Five unanswered questions about CMS' new Medicare Advantage audit rule

In January, CMS said it will implement stricter auditing practices around Medicare Advantage plans, but payers and policy experts say they have a lot of questions about the next steps forward.

The new risk-adjustment data validation audit rule is expected to leave commercial payers collectively on the hook for up to $4.7 billion in repayments to the federal government over the next decade. The final rule will only apply to contracts dated from payment year 2018 and up. 

Nearly every major insurance company has been accused of or settled allegations of MA fraud in recent years, which the industry disputes. Payers are accused of exploiting the program through "upcoding" schemes that make patients appear sicker on medical records than they actually are — thereby leading to higher payments from CMS. Some diagnoses are at a higher risk for being miscoded, which can also result in overpayments.

During fourth quarter earnings calls with investors over the last month, payer executives made it clear they are still evaluating how to respond to the new rule and are awaiting more information from CMS around how the changes will be applied to MA plans.

"The lack of fee-for-service adjustment and the as yet undefined sampling and extrapolation methodology leaves a number of open questions as to the viability of the final approach," Centene CEO Sarah London said Feb. 7.

Five key unanswered questions:

  1. How will CMS determine which MA plans to audit?

  2. What methodology will CMS use for audits going forward?

  3. How will CMS decide when to extrapolate its results?

  4. Is there a specific sampling methodology and error estimation strategy that CMS will use?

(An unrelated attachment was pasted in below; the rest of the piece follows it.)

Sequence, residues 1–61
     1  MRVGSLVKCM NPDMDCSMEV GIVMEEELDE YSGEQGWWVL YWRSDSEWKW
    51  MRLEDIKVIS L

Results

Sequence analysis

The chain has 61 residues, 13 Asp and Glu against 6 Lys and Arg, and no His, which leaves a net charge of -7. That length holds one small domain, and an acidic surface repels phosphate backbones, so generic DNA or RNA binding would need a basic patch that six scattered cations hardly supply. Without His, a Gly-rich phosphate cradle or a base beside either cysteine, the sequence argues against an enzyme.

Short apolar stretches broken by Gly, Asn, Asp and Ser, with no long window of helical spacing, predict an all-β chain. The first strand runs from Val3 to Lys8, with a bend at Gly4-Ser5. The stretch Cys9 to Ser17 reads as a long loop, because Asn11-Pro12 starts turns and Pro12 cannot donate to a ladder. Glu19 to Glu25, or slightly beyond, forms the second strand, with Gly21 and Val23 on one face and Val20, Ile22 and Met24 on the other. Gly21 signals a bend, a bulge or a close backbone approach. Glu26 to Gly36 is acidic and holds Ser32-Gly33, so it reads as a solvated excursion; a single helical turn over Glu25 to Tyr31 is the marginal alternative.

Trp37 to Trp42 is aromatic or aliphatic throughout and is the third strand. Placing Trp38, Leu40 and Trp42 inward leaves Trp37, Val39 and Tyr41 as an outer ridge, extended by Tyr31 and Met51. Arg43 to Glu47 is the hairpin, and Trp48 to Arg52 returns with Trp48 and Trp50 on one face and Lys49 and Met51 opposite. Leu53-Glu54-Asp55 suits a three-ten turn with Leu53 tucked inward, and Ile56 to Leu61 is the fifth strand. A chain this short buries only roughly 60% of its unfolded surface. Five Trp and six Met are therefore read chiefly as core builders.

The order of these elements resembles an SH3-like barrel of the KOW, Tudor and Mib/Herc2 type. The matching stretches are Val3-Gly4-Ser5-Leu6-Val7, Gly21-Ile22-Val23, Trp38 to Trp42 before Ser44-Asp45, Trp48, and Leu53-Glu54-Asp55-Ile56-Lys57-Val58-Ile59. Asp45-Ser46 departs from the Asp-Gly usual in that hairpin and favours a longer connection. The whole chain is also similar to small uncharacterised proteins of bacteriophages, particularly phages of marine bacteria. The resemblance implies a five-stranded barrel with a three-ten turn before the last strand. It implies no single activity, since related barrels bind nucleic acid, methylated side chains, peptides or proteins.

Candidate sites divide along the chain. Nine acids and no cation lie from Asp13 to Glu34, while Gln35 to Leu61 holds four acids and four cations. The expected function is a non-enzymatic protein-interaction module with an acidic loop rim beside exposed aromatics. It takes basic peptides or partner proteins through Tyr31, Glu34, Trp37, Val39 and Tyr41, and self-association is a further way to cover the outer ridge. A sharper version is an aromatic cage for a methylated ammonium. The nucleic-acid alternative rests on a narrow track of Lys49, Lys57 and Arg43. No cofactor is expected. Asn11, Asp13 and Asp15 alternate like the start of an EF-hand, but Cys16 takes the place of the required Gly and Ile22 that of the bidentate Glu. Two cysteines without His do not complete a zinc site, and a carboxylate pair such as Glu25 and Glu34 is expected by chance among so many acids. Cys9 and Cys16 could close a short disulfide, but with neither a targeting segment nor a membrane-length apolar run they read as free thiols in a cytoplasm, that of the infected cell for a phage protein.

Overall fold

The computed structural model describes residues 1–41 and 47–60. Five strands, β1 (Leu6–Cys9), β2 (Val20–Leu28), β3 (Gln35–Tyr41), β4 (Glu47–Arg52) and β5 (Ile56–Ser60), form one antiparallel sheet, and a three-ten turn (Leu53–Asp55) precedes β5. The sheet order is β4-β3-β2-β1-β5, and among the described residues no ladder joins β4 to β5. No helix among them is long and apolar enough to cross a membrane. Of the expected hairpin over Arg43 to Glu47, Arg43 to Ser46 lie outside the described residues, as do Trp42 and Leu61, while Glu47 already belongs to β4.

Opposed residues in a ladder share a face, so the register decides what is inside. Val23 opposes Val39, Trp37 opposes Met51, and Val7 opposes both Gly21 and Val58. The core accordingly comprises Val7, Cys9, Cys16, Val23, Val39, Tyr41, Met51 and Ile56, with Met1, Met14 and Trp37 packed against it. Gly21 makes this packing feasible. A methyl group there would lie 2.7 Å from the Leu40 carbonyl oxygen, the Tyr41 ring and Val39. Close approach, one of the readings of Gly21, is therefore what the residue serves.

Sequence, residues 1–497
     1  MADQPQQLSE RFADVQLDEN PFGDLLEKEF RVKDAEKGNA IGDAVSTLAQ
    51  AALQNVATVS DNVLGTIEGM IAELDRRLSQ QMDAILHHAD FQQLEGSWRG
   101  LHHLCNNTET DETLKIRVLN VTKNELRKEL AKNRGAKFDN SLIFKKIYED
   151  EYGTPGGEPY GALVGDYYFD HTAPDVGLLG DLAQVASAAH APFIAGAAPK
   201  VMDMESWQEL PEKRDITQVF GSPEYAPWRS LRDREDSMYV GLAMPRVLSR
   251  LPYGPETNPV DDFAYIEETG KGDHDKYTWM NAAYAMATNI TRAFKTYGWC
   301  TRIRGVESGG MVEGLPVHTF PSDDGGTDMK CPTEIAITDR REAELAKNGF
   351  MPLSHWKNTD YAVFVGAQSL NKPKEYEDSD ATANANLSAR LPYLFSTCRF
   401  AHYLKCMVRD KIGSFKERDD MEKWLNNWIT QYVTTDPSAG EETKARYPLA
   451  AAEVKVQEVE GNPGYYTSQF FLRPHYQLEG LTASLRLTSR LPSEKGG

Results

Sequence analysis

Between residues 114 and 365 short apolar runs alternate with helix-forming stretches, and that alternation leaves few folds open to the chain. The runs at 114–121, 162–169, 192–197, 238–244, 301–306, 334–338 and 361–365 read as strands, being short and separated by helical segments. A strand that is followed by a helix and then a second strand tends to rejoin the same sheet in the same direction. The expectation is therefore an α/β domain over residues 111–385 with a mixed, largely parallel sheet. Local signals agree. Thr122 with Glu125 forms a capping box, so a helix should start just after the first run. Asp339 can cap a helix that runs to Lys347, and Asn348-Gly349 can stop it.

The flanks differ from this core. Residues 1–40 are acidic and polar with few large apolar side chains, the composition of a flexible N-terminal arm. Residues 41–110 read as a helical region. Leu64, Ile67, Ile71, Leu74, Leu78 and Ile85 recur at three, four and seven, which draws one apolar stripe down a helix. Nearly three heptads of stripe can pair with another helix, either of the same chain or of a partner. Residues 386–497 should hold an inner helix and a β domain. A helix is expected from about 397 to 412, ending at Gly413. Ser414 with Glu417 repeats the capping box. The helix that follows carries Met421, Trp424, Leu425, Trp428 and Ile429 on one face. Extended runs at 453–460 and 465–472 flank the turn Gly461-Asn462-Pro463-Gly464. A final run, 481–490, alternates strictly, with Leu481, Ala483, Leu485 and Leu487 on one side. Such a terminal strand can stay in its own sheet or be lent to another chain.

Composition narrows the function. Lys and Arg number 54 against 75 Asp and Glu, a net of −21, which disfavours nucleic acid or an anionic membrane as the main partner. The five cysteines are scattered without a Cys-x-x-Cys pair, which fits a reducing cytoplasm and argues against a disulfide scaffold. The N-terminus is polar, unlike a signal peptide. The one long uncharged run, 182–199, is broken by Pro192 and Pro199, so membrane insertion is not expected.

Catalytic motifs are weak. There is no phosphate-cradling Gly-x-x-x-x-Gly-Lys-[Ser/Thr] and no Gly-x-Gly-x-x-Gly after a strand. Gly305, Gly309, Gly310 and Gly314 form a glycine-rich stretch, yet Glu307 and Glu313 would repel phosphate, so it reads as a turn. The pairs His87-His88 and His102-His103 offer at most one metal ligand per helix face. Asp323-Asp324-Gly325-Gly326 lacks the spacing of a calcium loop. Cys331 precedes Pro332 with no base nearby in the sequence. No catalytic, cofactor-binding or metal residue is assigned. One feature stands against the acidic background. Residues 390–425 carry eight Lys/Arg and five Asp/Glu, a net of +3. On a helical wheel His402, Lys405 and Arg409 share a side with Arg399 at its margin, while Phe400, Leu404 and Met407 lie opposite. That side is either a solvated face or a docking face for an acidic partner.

5. Will CMS' audits be coordinated with OIG offices? 

Sean Creighton is managing director at Avalere Health, a Washington, D.C.-based healthcare consulting firm. He said payer executives need to be engaged in the policy response and any advocacy that takes place around the new rule.

"This is a multifaceted issue and health plans can best prepare by developing enterprise level work streams to address implications for the 2024 bid, potential liability and financial accruals, compliance and coding practices, and provider contracting," he said. 

The new rule may also increase regulatory burden on providers, who could face more scrutiny over how they document a MA patient's medical conditions.

"The level of effort for providers could easily change under this new policy," said Michael Stearns, MD, specialized consulting director of medical informatics at Wolters Kluwer.

"Then you look at the additional costs to avoid denials or queries from payers. [Organizations] might want to hire internal staff on the provider side to do reviews before they send the documentation off," he said. "This is all theoretical, but it's likely to happen."

MA experts had expected increased oversight around the public-private program this year, which recently hit a milestone of 30 million enrollees.

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